Let me try to mimic you approach in a Pythonic way:

First you want to create the list of composite numbers. Since the convergence of your series is very slow, storing enough composite numbers will eat all your memory. So you should write an iterator instead (search the web for this notion in Python), NN denotes the nonnegative numbers, it is an iterator too:

sage: composites = (i for i in NN if i>3 and not i.is_prime())
sage: composites.next()
4
sage: composites.next()
6
sage: composites.next()
8
sage: composites.next()
9
sage: composites.next()
10
sage: composites.next()
12
sage: composites.next()
14
sage: composites.next()
15


Then, you can add the elements of your sequence one by one, starting from zero:

sage: s = RDF(0)
sage: for i in xrange(0,1000000):
....:     s += (-1)^i / composites.next()
....:     print s


Note that if you restart the computation, you have to redefine composites, since otherwise it will continue to be exhausted from its state, not from the beginning.

Note that the convergence is very slow and the computation above is not exact, so some errors mught add up. You could :

• use rational numbers and make exact computations (bu their size will explode)
• increase the precision of the real field
• use interval arithmetics to have a guarantee of your errors

Also, note that the variable i is only here to make the sign oscilate, so it is not very useful to compute (-1)^i, instead you can introduce a sign variable and let it alternate at each loop. Also, you can compute them two by two:

sage: while True:
....:     s += 1/composites.next() - 1/composites.next()
....:     print s


EDIT Regarding the use of RLF, this is a kind of overlay to get numerical values of some other representation of real numbers. In this case, since you start from an integer 0 and only makes make integer divisions, the element s will be a rational number. You can checking check this by doing:

sage: s._value
<big fraction>
sage: s._value.parent()
Rational Field


The good is that s will always be exact, so you do not have to deal with the accumulation of rounding errors that might end-up in some loss of precision that the end of the loop. The bad is that, since your loop must be huge before giving enough digits to the searched number (remember that the confergence of this alternating non-absolutely convergent series is very slow), the rational number s will have bigger and bigger numerator and denominator, so the computations will become slower and slower and it will eat your memory. So, it depends on how far you plan to go with your loop.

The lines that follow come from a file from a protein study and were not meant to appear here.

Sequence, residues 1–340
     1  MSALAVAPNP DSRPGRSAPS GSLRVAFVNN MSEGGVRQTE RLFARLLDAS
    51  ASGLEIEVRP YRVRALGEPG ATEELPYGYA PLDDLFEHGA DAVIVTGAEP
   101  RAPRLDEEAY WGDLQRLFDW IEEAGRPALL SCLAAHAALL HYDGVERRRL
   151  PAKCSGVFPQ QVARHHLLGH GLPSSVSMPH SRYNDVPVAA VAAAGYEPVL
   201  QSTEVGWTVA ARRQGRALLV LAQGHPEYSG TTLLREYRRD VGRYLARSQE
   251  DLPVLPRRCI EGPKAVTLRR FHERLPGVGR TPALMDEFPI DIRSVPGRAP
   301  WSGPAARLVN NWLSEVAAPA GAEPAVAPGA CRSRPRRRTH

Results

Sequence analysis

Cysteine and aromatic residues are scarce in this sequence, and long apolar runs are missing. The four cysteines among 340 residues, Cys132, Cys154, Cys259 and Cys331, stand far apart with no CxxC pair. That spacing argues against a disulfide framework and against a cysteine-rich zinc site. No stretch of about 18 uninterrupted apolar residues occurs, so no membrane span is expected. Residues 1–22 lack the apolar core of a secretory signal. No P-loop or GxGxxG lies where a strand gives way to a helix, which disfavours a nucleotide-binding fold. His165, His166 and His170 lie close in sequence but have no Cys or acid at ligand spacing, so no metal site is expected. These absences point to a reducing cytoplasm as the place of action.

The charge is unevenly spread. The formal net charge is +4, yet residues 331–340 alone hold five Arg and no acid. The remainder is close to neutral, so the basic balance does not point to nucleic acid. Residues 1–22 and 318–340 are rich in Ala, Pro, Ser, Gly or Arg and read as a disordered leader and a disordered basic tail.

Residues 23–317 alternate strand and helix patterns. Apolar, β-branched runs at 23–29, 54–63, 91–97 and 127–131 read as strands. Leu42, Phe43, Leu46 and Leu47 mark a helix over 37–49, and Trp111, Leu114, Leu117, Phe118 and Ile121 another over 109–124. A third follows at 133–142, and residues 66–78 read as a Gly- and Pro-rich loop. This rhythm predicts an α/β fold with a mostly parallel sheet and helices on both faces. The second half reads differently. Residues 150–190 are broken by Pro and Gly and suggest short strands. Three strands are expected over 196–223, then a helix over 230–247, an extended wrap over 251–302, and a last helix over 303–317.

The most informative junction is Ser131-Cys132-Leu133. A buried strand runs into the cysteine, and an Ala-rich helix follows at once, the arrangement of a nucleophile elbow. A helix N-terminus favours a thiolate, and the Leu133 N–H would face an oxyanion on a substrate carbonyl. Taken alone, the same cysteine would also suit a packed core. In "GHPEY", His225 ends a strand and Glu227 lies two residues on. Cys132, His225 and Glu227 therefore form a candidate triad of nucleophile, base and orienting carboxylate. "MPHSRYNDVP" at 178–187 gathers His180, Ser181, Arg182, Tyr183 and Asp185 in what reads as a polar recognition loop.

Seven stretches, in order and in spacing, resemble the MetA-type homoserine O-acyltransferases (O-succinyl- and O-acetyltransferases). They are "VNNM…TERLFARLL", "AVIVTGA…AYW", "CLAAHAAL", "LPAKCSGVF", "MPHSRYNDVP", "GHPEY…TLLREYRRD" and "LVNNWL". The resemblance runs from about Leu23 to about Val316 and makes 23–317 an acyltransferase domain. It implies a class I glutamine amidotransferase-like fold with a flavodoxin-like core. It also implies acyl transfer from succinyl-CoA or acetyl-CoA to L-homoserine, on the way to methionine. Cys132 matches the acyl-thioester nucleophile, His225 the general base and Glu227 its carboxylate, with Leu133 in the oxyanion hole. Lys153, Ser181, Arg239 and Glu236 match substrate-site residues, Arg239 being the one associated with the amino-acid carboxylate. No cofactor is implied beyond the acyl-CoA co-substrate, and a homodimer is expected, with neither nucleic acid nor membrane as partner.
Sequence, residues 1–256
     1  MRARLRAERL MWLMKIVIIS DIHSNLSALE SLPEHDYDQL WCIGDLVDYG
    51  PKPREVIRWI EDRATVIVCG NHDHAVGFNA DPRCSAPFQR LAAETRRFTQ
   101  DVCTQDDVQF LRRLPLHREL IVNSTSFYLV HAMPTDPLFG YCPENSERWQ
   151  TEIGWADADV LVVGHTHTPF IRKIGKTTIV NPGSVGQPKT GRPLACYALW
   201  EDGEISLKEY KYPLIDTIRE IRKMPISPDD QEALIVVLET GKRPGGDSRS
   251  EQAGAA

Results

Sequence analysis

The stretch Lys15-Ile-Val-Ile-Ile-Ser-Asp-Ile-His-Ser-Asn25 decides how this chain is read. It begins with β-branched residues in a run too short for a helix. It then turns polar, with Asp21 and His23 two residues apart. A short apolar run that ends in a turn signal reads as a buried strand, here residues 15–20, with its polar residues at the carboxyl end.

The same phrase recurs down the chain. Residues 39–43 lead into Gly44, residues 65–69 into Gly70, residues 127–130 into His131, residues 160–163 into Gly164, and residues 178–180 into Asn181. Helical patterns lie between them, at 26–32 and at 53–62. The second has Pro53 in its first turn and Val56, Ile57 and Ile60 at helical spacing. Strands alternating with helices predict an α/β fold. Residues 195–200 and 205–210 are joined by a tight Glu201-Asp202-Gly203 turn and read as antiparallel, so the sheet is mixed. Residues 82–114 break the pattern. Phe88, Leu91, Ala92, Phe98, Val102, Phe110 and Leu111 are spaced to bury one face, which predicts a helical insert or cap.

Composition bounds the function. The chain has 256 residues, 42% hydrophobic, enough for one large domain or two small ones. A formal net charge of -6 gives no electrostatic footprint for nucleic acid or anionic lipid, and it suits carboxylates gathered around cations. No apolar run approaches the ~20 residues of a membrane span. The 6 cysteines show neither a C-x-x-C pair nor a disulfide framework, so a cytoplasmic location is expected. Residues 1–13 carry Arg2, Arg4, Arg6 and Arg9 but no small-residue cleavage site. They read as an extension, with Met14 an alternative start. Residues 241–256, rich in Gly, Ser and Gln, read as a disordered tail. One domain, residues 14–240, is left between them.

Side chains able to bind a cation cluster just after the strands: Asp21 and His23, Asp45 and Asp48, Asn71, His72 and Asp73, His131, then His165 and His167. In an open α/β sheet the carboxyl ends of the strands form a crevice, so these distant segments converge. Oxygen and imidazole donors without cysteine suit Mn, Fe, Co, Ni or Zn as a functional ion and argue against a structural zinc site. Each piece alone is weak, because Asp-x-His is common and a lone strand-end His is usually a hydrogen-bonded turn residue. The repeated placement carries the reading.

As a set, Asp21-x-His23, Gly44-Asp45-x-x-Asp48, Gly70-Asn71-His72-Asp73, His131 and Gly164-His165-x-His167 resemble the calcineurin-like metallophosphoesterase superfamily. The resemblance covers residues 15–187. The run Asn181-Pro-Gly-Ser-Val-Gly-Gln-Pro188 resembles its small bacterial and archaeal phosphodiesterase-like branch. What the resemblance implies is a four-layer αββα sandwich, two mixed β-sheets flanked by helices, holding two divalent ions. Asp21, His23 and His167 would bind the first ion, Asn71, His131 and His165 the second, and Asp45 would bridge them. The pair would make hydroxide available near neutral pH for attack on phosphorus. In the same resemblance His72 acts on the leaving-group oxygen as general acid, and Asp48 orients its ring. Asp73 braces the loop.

Let me try to mimic you approach in a Pythonic way:

First you want to create the list of composite numbers. Since the convergence of your series is very slow, storing enough composite numbers will eat all your memory. So you should write an iterator instead (search the web for this notion in Python), NN denotes the nonnegative numbers, it is an iterator too:

sage: composites = (i for i in NN if i>3 and not i.is_prime())
sage: composites.next()
4
sage: composites.next()
6
sage: composites.next()
8
sage: composites.next()
9
sage: composites.next()
10
sage: composites.next()
12
sage: composites.next()
14
sage: composites.next()
15


Then, you can add the elements of your sequence one by one, starting from zero:

sage: s = RDF(0)
sage: for i in xrange(0,1000000):
....:     s += (-1)^i / composites.next()
....:     print s


Note that if you restart the computation, you have to redefine composites, since otherwise it will continue to be exhausted from its state, not from the beginning.

Note that the convergence is very slow and the computation above is not exact, so some errors mught might add up. You could :

• use rational numbers and make exact computations (bu (but their size will explode)
• increase the precision of the real field
• use interval arithmetics arithmetic to have a guarantee of your errors

Also, note that the variable i is only here to make the sign oscilate, so it is not very useful to compute (-1)^i, instead you can introduce a sign variable and let it alternate at each loop. Also, you can compute them two by two:

sage: while True:
....:     s += 1/composites.next() - 1/composites.next()
....:     print s


EDIT Regarding the use of RLF, this is a kind of overlay to get numerical values of some other representation of real numbers. In this case, since you start from an integer 0 and only make integer divisions, the element s will be a rational number. You can check this by doing:

sage: s._value
<big fraction>
sage: s._value.parent()
Rational Field


The good is that s will always be exact, so you do not have to deal with the accumulation of rounding errors that might end-up in some loss of precision that the end of the loop. The bad is that, since your loop must be huge before giving enough digits to the searched number (remember that the confergence of this alternating non-absolutely convergent series is very slow), the rational number s will have bigger and bigger numerator and denominator, so the computations will become slower and slower and it will eat your memory. So, it depends on how far you plan to go with your loop.